Updated: Aug 9
By Emily Wilson
We took on Sal in 2020 and since then we have not had any swift admissions, mainly due to lack of volunteers.
We have recently closed our doors to all bird admissions as we are going through an internal review of our knowledge, skills and our volunteer capacity limits. During this period we will ONLY be able to offer advice and refer you to your nearest suitable bird rescue and/or a vets.
Enjoy Sals story!
If you’ve ever laid on the grass and looked up at the sky during a warm summers day, you will have probably seen that distinctive anchor shape which is unmistakably a swift. During the summer months they dance high in the sky singing at the top of their lungs. However, despite being a common site, the lives of swifts are relatively unknown. I had the privilege of learning a bit more about swifts and experiencing them first hand when Sal came into my life.
When I first got Sal I had never seen such an unhappy bird, I got him into an enclosure where I let him get used to his surroundings and warm up for an hour or two. I then gave him a meal of wax worms. Wax worms are very juicy and are great for helping birds to put on weight and to hydrate them.
The wax worms were always beheads before feeding, you must never feed wax worms or mealworms that are not beheaded to a bird as it can be very dangerous!
Over the course of Sal’s rehabilitation I estimated that he ate 1050 wax worms! Unlike other birds swifts wont feed themselves and rarely gape for food. This means they must be force fed. After having many wax worms flicked in my face Sal finally figured out that I was here to help him. I only had to open his mouth wide enough to pop the tip of the wax worm in and he would do the rest. Within the first 24 hours of being with me Sal had put on a staggering 5 grams. This was mostly water weight as he was very dehydrated from lying in the hot sun. Over the next few days Sal went from strength to strength. After two weeks of feeding Sal every hour from 7am to 9pm he had almost doubled his body weight.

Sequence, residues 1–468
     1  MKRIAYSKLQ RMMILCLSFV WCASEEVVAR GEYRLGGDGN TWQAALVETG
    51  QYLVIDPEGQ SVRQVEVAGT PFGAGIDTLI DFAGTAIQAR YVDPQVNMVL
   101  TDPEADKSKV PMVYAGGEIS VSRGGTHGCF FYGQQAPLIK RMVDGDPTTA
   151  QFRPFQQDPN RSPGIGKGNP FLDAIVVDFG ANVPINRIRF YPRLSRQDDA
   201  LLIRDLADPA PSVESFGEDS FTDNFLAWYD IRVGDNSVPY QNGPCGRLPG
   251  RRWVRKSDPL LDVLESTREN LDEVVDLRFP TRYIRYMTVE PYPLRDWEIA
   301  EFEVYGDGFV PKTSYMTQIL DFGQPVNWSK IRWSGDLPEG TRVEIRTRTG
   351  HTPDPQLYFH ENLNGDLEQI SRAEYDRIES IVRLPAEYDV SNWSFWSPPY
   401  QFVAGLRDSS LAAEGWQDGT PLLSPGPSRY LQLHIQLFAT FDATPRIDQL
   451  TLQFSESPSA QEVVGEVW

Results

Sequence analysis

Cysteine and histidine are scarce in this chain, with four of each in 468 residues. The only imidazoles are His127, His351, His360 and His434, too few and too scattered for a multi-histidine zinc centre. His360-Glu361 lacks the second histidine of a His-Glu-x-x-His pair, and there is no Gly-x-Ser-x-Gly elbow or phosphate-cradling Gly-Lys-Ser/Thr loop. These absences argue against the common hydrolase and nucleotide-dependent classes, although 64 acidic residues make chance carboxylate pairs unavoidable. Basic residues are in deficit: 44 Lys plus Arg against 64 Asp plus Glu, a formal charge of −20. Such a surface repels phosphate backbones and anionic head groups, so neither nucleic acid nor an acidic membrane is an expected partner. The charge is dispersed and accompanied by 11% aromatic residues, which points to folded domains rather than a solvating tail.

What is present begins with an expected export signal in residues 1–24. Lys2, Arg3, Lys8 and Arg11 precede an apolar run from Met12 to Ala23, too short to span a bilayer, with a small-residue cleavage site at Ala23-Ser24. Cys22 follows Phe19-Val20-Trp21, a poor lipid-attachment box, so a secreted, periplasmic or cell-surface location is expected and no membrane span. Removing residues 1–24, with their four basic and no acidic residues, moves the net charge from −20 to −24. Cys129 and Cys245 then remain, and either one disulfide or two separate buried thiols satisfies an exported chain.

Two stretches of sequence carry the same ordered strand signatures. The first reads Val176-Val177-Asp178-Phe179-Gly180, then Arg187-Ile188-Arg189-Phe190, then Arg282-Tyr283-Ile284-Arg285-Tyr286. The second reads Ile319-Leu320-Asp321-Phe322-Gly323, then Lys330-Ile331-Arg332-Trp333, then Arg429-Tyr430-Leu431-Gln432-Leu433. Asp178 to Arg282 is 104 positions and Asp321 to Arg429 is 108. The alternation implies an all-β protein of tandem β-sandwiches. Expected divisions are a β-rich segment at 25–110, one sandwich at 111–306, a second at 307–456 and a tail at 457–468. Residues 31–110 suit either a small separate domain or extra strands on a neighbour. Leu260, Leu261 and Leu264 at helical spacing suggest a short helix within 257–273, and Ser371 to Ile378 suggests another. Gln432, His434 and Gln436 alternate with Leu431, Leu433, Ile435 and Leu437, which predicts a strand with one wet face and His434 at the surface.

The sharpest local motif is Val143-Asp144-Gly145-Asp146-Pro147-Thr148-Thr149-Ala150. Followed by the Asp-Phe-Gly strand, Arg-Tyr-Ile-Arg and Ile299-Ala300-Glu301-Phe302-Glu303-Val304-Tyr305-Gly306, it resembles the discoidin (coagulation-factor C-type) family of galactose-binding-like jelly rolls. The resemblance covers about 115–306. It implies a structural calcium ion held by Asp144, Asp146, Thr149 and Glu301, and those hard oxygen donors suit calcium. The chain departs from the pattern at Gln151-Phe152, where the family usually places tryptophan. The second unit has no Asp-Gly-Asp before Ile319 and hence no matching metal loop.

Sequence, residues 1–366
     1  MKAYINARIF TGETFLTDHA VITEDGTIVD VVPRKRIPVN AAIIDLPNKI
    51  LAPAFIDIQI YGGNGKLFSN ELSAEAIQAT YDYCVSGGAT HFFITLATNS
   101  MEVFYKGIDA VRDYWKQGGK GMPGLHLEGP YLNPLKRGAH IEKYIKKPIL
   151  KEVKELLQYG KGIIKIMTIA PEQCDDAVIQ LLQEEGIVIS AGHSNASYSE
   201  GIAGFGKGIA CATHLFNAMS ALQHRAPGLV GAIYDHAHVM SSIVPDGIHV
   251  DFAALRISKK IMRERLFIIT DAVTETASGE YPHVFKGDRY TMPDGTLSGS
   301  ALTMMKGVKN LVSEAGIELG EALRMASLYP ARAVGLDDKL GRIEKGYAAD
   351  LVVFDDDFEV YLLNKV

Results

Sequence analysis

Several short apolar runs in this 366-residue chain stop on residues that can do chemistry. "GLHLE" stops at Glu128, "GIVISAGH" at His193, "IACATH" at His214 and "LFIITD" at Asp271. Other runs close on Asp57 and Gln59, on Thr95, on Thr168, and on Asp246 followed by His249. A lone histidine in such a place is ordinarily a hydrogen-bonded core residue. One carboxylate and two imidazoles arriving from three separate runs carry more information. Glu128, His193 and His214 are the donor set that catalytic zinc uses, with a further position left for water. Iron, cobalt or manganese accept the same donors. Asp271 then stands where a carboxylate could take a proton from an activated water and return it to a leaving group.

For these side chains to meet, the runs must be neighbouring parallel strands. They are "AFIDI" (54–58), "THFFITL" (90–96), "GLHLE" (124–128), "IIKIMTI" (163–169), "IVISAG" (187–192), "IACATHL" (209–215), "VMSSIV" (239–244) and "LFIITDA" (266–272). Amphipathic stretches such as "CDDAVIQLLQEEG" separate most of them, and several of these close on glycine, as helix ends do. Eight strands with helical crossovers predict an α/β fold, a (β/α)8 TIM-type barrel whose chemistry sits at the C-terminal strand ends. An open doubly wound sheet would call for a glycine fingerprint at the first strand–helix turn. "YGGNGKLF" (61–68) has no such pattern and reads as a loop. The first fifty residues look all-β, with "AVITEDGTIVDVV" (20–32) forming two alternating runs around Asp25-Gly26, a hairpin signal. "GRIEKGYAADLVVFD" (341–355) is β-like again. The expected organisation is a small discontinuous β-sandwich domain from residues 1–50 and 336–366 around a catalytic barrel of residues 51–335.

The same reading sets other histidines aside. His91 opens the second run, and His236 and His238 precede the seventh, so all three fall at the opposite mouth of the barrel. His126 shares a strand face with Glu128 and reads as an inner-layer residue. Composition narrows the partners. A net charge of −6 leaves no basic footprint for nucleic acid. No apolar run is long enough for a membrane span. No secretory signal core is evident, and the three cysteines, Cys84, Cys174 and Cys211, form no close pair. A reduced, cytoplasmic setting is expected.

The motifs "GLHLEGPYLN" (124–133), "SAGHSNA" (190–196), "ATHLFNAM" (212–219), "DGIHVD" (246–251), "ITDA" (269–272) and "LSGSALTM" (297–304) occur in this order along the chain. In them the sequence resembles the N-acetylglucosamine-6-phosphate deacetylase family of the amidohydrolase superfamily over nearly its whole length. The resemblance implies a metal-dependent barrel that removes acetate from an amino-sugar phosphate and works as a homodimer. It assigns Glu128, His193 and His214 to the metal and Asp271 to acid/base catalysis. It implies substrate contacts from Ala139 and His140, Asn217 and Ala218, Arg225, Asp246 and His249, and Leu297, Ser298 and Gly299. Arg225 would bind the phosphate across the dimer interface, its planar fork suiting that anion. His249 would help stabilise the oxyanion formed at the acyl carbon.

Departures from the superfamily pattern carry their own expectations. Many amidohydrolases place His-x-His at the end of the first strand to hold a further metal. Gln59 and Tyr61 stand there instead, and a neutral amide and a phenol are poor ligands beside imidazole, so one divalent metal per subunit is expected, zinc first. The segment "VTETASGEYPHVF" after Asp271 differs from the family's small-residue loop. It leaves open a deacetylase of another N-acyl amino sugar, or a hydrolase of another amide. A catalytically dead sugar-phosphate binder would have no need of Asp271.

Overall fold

Sal started to become a lot more active and flapping his wings. He was ready to go! Swifts struggle to take off from the ground so need a little encouragement. The moment I launched him into the air and saw him fly away was one of the most rewarding experiences of my life. I was so pleased to see him back in the sky but would also miss waking up to his little face every morning. Just when I thought he release couldn’t have gone any better, I saw him flying off into the distance with another wild swift, this made all the work I had put in over the last couple of weeks worth it. Juveniles such as Sal will now be heading to Africa for their next big adventure.
Once fledged it is thought swifts will spend the first two years of their life on the wing. Swifts will only leave their aerial habitat to rear chicks and to occasionally roost in trees; this results in adult swifts spending 10 months on the wing. Everything else; eating, sleeping, drinking and mating is done in the air. That’s like trying to eat a sandwich and have a nap while running all day and night! Swifts really are the masters of multi-tasking.
It is thought that swifts are able to sleep on the wing by resting one half of the brain at a time, similarly to dolphins and frigate birds. This method of sleeping allows the animal to stay alert while resting and regaining energy. However, this hypothesis has not yet been proven in the common swift.
Swifts can live for as long as 20 years. Experts have estimated that an adult swift will fly the equivalent distance of going to the moon and back seven times through out its life time.